Response: -From Ronald L. Batory, Administrator: FRA is exploring the use of technology in conjunction with other functional requirements for monitoring, controlling, and mitigating train movements approaching ends of tracks, especially in areas with occupied space beyond the end of tracks (such as pedestrian walkways or roads). FRA plans to reach out to the governing industry associations to provide stakeholder input and expertise to help FRA determine how to address Safety Recommendation R-18-01. As part of the agency's response to this Safety Recommendation, FRA is considering: • Available technology and the practical requirements involving train movements on terminus tracks; • Technological advancements made with energy-absorbing bumping posts and improved design standards; and, • Recommended industry practices and, if lacking, determination of potential needs for issuing industry guidance in this area. Under current regulations, many passenger terminals are exempt from positive train control (PTC) requirements. Given the frequency of train movements, accidents in terminals are relatively rare and most of these accidents have only minor consequences. FRA also recognizes that imposing PTC or other such technologies in terminals could reduce train capacity by slowing trains below the speed at which they had previously been safely operated by engineers. FRA does not anticipate undertaking a rulemaking on this issue to impose a technology given the multi-faceted means by which the risks may be addressed and the limited expected benefits of such a rulemaking compared to its costs (See Executive Orders 12866 and 13563). Instead, FRA recommends the aforementioned approach as an alternative to requiring an explicit technology through regulation. Therefore, FRA respectfully requests NTSB classify Safety Recommendation R-18-01 as "Open-Acceptable Alternative Action."

From: FRA
Date: 2/26/2018
Response: -From Karl Alexy, Director, Office of Safety Analysis: Thank you for the report, End-of-Track Collisions at Terminal Stations, Hoboken, New Jersey, September 29, 2016, and Atlantic Terminal, Brooklyn, New York, January 4, 2017, which was sent to the Federal Railroad Administration (FRA) on February 14, 2018. In the "Safety Recommendations" section of the report, the National Safety Transportation Board (NTSB) issued Safety Recommendations R-18-01 and R-18-02 to FRA, as well as reiterated Safety Recommendations R-12-16 and R-16-44 to FRA. Improving safety is FRA's top priority, and we will continue to work to make rail shipments as safe as possible. We are committed to working with NTSB to prevent future accidents and save lives. FRA welcomes and will consider all recommendations that will further that goal.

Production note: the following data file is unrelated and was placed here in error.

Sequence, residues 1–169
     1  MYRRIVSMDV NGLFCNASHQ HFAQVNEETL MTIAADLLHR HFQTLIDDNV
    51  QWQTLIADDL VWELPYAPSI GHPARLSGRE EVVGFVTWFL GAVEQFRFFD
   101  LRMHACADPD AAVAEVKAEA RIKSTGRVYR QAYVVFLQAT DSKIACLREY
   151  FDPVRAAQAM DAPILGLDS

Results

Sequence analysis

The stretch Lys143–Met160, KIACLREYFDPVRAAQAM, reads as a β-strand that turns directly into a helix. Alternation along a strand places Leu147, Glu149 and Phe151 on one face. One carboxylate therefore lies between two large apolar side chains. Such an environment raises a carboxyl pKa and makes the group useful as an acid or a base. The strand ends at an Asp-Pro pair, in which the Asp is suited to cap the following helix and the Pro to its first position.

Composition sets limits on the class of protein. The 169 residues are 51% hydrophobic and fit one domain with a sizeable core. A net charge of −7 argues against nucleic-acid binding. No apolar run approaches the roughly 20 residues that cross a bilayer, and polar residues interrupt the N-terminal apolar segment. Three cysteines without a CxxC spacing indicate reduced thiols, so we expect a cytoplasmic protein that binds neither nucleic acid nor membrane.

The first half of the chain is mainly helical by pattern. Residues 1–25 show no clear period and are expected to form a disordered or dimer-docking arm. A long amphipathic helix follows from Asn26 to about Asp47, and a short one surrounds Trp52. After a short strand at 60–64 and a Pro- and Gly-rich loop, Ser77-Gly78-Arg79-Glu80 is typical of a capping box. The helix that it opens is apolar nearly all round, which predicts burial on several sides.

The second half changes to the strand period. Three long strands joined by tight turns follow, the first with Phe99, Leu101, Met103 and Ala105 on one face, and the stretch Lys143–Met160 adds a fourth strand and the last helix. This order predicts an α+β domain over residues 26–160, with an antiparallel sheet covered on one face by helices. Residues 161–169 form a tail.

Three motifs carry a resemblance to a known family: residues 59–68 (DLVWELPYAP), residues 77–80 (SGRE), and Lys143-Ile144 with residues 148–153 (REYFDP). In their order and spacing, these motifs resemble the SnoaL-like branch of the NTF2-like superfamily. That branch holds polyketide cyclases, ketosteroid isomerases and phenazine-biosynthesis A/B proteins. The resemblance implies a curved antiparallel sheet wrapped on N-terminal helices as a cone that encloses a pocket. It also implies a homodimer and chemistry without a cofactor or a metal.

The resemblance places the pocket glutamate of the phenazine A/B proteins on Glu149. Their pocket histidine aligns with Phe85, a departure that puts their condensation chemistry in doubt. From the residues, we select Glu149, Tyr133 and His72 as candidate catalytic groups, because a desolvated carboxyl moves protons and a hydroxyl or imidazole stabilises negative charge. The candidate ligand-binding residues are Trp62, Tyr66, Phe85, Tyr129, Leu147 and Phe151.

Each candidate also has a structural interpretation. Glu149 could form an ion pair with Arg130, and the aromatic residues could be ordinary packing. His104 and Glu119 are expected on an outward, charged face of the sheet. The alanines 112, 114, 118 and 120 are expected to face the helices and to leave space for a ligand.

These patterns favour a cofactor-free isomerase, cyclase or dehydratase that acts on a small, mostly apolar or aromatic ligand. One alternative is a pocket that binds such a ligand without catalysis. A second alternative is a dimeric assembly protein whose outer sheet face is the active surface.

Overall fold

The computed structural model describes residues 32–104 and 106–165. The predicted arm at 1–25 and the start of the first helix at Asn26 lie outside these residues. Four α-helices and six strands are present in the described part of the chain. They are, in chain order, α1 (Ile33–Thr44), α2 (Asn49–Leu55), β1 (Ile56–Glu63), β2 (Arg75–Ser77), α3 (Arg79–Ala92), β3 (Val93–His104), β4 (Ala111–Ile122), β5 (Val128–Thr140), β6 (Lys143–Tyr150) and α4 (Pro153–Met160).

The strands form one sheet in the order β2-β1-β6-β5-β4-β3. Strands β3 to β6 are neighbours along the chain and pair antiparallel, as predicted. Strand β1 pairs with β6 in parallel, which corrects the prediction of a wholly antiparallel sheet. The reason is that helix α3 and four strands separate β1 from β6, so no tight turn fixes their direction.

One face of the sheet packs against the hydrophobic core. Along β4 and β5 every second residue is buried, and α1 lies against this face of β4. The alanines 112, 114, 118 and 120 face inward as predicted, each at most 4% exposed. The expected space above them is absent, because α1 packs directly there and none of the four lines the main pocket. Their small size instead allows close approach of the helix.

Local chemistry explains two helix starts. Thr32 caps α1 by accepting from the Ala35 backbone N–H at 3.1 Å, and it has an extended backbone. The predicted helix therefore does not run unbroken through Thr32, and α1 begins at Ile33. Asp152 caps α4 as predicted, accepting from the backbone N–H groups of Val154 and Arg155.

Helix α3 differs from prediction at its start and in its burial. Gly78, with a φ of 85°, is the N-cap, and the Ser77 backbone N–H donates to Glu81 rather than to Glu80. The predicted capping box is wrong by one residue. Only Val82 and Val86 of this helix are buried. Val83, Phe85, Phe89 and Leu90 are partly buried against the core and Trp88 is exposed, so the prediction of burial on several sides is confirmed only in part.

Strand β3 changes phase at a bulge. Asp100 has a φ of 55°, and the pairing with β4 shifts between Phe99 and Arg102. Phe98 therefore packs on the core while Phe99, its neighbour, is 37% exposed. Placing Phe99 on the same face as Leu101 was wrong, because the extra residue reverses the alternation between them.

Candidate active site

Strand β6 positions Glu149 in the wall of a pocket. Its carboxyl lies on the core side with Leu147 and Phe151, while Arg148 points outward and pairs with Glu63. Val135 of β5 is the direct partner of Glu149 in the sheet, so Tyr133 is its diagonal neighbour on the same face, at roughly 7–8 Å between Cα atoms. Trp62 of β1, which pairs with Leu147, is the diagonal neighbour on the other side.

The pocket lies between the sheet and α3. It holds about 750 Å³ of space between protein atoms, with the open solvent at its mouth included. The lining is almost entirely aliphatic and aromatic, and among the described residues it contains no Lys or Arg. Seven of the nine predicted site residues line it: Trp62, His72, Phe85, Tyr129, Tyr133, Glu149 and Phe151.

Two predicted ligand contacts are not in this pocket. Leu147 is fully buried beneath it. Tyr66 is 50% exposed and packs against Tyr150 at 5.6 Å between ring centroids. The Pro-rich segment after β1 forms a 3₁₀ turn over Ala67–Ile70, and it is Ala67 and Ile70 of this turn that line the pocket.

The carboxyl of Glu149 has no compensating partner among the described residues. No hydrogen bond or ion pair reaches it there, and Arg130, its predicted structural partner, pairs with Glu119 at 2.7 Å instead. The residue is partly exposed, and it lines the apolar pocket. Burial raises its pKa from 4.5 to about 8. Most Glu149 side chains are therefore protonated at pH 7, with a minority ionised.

From: NTSB
Date: 2/14/2018
Response: On February 6, 2018, the NTSB adopted its report End-of-Track Collisions at Terminal Stations, Hoboken, New Jersey, September 29, 2016, and Atlantic Terminal, Brooklyn, New York, January 4, 2017, SIR-18/01. The details of this special investigation report and the resulting safety recommendations may be found in the attached report, which can also be accessed at Among the safety recommendations are two issued to the Federal Railroad Administration, which can be found on page 41 of the report. Also, two recommendations were reiterated in this report. The NTSB is vitally interested in these recommendations because they are designed to prevent accidents and save lives. We would appreciate a response within 90 days, detailing the actions you have taken or intend to take to implement these recommendations. When replying, please refer to the safety recommendations by number. We encourage you to submit your response to If it exceeds 20 megabytes, including attachments, please e-mail us at the same address for instructions. Please do not submit both an electronic copy and a hard copy of the same response.